SOUTH AFRICA, JOHANNESBURG – President Cyril Ramaphosa on Wednesday said that eradicating gender-based violence (GBV) was more crucial than ever during the COVID-19 pandemic.
Ramaphosa was speaking at the presidential dialogue on gender-based violence and femicide to mark the start of the 16 Days of Activism for No Violence Against Women and Children campaign.
Several women have been killed since the lockdown started in March, with the president calling it a pandemic in its own right.
Various members from the Inter-Ministerial Committee on GBV, as well as representatives from faith-based organisations and civil society, took part in the virtual dialogue.
Ramaphosa said that the widescale attack on women and children’s lives had impacted every aspect of society and called on individuals and communities to take action.
Last year, Ramaphosa was faced with a country in mourning after the deaths of countless women as a result of gender-based violence and femicide.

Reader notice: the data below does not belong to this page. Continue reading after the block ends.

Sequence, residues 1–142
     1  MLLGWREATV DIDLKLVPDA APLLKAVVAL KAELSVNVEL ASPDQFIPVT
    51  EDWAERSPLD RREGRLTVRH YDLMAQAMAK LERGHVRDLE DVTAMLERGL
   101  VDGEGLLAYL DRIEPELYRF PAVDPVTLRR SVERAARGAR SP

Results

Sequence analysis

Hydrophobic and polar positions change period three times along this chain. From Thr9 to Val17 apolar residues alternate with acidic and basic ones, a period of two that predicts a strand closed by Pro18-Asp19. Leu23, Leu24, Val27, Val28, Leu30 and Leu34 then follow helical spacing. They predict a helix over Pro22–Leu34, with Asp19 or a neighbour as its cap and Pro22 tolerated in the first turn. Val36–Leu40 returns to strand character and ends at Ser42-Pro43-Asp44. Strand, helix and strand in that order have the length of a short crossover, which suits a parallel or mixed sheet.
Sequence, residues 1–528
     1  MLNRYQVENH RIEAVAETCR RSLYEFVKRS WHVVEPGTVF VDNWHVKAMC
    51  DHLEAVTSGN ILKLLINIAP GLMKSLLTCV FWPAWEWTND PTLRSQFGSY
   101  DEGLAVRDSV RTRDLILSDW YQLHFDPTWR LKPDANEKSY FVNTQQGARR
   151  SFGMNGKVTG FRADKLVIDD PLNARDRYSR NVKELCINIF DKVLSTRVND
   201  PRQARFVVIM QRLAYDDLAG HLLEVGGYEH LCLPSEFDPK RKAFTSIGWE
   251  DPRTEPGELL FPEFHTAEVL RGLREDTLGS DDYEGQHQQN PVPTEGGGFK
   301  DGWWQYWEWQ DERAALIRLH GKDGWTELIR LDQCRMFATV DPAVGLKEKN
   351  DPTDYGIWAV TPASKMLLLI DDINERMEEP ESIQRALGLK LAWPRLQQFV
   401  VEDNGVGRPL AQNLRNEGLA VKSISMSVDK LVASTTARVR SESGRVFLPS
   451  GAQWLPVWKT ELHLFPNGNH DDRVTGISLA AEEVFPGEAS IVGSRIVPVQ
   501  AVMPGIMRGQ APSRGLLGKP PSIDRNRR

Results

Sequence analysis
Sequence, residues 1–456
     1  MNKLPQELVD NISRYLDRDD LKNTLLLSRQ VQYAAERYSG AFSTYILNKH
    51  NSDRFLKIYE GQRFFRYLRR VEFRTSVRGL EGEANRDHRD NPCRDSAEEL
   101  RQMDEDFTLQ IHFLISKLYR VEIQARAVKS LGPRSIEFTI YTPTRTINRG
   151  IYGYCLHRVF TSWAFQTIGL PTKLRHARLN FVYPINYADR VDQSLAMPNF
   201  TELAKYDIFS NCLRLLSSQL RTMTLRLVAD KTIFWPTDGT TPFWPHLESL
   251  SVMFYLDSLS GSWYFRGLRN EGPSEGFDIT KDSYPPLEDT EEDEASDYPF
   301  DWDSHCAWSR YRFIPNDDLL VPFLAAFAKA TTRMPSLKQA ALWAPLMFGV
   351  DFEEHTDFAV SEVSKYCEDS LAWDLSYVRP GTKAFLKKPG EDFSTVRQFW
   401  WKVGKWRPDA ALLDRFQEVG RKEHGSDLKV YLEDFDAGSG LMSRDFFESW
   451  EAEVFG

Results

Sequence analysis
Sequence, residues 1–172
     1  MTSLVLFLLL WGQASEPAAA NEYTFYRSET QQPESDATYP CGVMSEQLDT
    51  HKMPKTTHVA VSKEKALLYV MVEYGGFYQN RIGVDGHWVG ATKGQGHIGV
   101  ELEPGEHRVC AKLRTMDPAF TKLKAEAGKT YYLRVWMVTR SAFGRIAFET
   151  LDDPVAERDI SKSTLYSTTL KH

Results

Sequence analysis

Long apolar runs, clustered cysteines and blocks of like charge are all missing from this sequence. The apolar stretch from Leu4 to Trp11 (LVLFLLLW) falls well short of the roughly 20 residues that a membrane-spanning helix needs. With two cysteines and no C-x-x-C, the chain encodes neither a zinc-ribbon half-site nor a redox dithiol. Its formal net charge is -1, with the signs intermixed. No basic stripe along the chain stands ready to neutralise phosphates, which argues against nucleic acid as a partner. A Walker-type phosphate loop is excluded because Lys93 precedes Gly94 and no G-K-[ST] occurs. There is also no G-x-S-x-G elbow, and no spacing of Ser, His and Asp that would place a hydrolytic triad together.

South African women marched to Parliament to emphasise that enough was enough, making the issue of GBV one of Ramaphosa’s major hurdles throughout his presidency.
On Wednesday, the president made a desperate call to men to play a more deliberate role against rampant abuse and violence.
“As men, let us take responsibility at a very personal level for the protection of the women and children of our country,” Ramaphosa said.
“It is men who can challenge harmful cultural and social practices that undermine women’s rights. It is men who can and must refuse to be part of criminal gangs that assault and rape women.”
Ramaphosa said that perpetrators of GBV would be dealt with harshly.
“We have made good on our promise to this country’s women that there will be legal reform to protect women from violence and ensure perpetrators are given the harshest penalties possible,” he said.
The president warned that those who turned a blind eye to consider the consequences of their silence.
“Let us work with the police and come forward with information about such crimes. Let us support, not discourage, survivors who want to lay charges,” Ramaphosa said.
“Let us believe our children when they tell us they are being abused. Let us take greater care of our own children and those children that are placed in our care.”
South Africans are urged to wear black armbands or other signs of mourning as a mark of respect to the victims of COVID-19, as well as victims of gender-based violence.
WATCH: Committee on gender-based violence launches 16 days of activism campaign